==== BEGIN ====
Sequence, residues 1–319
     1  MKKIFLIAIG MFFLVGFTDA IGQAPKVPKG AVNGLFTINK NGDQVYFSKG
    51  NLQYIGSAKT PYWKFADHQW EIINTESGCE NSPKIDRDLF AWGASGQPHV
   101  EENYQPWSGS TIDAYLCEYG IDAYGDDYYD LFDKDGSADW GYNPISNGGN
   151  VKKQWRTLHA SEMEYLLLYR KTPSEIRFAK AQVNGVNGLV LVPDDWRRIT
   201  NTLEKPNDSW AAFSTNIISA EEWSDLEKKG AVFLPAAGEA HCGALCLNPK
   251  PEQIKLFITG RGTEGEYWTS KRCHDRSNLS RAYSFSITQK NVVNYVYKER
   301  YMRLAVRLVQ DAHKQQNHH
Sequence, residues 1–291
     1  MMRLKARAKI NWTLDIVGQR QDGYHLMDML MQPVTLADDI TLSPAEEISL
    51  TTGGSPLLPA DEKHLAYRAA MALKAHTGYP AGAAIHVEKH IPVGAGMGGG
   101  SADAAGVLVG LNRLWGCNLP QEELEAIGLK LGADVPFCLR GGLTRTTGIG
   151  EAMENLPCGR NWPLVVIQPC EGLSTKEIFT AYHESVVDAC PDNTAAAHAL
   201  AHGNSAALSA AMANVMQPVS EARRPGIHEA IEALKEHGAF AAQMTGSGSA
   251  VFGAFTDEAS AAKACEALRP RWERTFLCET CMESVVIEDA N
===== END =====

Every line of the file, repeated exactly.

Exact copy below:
Sequence, residues 1–319
     1  MKKIFLIAIG MFFLVGFTDA IGQAPKVPKG AVNGLFTINK NGDQVYFSKG
    51  NLQYIGSAKT PYWKFADHQW EIINTESGCE NSPKIDRDLF AWGASGQPHV
   101  EENYQPWSGS TIDAYLCEYG IDAYGDDYYD LFDKDGSADW GYNPISNGGN
   151  VKKQWRTLHA SEMEYLLLYR KTPSEIRFAK AQVNGVNGLV LVPDDWRRIT
   201  NTLEKPNDSW AAFSTNIISA EEWSDLEKKG AVFLPAAGEA HCGALCLNPK
   251  PEQIKLFITG RGTEGEYWTS KRCHDRSNLS RAYSFSITQK NVVNYVYKER
   301  YMRLAVRLVQ DAHKQQNHH
Sequence, residues 1–291
     1  MMRLKARAKI NWTLDIVGQR QDGYHLMDML MQPVTLADDI TLSPAEEISL
    51  TTGGSPLLPA DEKHLAYRAA MALKAHTGYP AGAAIHVEKH IPVGAGMGGG
   101  SADAAGVLVG LNRLWGCNLP QEELEAIGLK LGADVPFCLR GGLTRTTGIG
   151  EAMENLPCGR NWPLVVIQPC EGLSTKEIFT AYHESVVDAC PDNTAAAHAL
   201  AHGNSAALSA AMANVMQPVS EARRPGIHEA IEALKEHGAF AAQMTGSGSA
   251  VFGAFTDEAS AAKACEALRP RWERTFLCET CMESVVIEDA N